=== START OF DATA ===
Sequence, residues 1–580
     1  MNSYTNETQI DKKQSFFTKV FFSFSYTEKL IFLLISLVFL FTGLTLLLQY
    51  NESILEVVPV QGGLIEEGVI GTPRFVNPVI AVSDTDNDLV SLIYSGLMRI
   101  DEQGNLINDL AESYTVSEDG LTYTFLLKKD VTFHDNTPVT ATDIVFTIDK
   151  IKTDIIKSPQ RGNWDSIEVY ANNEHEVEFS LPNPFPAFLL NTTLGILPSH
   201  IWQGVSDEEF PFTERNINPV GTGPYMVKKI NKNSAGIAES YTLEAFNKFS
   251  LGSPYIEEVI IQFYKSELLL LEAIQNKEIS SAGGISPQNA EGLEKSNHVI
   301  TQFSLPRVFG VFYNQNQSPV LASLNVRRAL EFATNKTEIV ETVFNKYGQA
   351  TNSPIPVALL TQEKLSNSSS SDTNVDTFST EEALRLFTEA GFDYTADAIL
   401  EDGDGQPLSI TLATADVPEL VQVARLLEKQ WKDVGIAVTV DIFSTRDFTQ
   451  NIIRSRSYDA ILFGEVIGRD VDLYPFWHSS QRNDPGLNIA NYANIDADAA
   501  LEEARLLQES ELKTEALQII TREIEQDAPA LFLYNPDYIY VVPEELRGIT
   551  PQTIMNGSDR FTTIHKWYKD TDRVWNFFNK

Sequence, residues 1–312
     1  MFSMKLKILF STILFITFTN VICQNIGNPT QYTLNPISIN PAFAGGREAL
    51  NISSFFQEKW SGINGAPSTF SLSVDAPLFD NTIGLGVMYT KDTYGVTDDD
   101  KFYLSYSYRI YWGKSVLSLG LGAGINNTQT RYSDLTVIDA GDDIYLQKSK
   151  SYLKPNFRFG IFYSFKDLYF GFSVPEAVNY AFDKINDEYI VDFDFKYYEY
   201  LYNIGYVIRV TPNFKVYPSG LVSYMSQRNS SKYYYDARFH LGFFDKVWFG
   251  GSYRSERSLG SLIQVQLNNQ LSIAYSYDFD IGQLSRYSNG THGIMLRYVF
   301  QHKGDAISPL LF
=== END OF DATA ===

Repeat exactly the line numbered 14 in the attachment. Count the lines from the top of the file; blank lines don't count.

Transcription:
Sequence, residues 1–312